The time is ripe to ask the question: Can a Christian break the law, and if so, when?
The time is ripe because an Administrative Law Judge and the Civil Rights Commission of Colorado decided that when Jack Phillips, the Christian owner of Masterpiece Cake Shop in Colorado, refused to make a wedding cake for a homosexual couple because it was against his religious belief about marriage being between a man and a woman, he discriminated and violated the couple’s civil rights. Mr. Phillips says he did not discriminate, in fact, he told the male couple that they could buy any cakes they wanted, but he simply chose not to make wedding cakes for same sex wedding celebrations.
As a result, the court and the Commission has ordered him to bake cakes for homosexual unions and to attend “sensitivity training” or face jail time. In other words, the court ordered Jack Phillips to go against his religious belief (remember when that was protected by the 1st Amendment) and instead abide by the state’s public accommodation law. (A few words about how they went against all the legal precedent set in this country, later.)
What is a Christian to do?
First, let’s make one assumption or maybe presumption, one rule to follow with regard to the questions being asked: this article does not have the space to raise the question about whether baking cakes for homosexual couples is right or wrong, nor is it about the homosexual lifestyle, it is about Christian response when the government decides that a Christian cannot exercise his beliefs or when the government restricts his beliefs. (The questions about homosexuality and its place in Christianity or lack of it are coming in a future article). This is a much bigger question! If you have a sincerely held religious belief and the government opposes you and that belief, ordering you to go against that belief or face prison or some other sort of punishment, what should be your (and by implication, the church) response? That is the question!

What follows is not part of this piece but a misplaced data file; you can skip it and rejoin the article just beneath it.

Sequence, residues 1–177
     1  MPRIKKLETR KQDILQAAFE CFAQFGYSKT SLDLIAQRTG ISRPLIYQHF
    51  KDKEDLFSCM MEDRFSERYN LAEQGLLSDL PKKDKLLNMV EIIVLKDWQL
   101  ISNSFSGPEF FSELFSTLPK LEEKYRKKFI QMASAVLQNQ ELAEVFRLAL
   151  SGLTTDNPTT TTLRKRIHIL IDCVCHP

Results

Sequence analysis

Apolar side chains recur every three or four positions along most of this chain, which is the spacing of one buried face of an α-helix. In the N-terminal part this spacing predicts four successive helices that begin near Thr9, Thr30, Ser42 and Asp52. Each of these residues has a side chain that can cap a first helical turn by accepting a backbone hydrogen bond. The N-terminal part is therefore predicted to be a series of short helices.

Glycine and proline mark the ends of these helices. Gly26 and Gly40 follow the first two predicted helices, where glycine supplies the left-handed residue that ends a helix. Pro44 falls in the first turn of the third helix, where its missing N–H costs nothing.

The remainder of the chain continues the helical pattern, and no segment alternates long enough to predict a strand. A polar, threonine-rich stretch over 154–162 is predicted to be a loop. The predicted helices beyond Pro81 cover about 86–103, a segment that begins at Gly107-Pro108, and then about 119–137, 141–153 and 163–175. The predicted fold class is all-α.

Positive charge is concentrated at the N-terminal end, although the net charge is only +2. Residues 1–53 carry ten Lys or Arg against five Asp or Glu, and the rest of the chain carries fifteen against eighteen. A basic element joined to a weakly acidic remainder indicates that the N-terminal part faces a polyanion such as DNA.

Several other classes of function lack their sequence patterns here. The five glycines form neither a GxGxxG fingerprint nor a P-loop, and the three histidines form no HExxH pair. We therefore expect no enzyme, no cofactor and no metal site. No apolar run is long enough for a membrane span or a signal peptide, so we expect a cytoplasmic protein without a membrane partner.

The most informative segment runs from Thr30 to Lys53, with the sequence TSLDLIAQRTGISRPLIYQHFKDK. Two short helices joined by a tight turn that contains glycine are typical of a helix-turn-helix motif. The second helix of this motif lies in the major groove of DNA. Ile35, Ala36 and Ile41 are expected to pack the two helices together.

Some further examples and hypotheticals.
In Denmark, a minister of any church MUST marry homosexual couples. (Again, let’s not look at the rights of homosexuals, let’s say for the sake of this article you are opposed to marrying homosexual couples and the reason for your opposition is your religious belief.) Failure to marry a homosexual couple is illegal and punishable. What if that was the case in your country-what would you do?
In China, you cannot start a church outside of governmental approval and the government approves or disapproves of what you teach in that church—do you obey the government or break the law?
In many countries, it is illegal to proselytize—do you or should you disobey if that is the case in your country?
In China, the law opposes having more than two children. It may be that there are forced abortions. What do you do as a Christian? Is this of such an outrage to cause a revolution? Should Christians support revolution for religious freedom?
Have you considered that there is a law that prohibits serving alcohol to minors, yet many churches use wine in communion? Should they stop or only serve to adults?
What about helping the undocumented foreigner who comes to the US to escape certain death at the hands of the drug cartel? Does the Christian obey the words of Jesus to welcome the stranger or do you follow the law? And if you feel that a Christian must obey the law in this instance, then were those Christians who helped slaves escape their owners when it was illegal to do so…wrong?